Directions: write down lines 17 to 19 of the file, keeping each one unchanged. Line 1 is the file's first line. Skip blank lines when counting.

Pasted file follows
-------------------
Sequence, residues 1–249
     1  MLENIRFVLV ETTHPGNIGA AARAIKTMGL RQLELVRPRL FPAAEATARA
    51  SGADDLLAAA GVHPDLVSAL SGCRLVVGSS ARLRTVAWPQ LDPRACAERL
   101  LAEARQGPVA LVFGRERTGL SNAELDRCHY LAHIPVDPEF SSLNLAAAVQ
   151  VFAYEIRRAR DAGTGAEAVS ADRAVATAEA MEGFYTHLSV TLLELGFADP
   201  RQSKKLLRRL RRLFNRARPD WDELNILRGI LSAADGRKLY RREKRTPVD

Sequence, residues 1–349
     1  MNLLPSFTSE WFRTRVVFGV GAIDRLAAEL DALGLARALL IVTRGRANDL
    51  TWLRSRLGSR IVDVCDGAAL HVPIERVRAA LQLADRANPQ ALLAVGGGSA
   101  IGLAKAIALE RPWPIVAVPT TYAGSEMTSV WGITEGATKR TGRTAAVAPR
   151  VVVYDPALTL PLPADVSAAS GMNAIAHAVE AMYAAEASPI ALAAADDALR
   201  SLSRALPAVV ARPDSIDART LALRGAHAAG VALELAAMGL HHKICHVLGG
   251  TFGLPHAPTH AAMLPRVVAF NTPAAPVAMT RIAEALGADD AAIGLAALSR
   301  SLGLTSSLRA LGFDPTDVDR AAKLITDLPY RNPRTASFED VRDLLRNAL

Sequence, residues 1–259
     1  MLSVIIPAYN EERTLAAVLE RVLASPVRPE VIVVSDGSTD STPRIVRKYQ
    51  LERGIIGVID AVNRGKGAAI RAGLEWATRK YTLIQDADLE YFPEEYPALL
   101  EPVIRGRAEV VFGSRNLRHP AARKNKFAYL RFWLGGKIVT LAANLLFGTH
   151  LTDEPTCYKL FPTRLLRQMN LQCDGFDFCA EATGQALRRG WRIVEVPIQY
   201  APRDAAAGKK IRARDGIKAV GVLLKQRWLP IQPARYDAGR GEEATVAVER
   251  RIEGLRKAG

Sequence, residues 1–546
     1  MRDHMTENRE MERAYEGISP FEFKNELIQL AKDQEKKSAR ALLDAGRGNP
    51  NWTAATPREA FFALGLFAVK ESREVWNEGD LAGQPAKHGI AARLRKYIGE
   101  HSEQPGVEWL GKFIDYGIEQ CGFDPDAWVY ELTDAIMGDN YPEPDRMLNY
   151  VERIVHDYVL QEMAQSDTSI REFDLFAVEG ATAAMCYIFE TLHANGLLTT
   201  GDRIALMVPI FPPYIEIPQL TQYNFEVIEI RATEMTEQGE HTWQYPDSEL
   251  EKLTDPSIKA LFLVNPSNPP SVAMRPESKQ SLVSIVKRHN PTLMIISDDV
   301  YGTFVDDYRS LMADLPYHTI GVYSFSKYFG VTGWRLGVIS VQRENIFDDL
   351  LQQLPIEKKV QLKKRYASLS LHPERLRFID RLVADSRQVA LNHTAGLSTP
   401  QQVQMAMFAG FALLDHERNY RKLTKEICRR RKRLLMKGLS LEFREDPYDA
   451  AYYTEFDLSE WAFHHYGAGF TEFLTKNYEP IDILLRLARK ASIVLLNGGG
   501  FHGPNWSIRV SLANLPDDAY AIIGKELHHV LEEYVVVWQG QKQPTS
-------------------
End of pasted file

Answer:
    51  LERGIIGVID AVNRGKGAAI RAGLEWATRK YTLIQDADLE YFPEEYPALL
   101  EPVIRGRAEV VFGSRNLRHP AARKNKFAYL RFWLGGKIVT LAANLLFGTH
   151  LTDEPTCYKL FPTRLLRQMN LQCDGFDFCA EATGQALRRG WRIVEVPIQY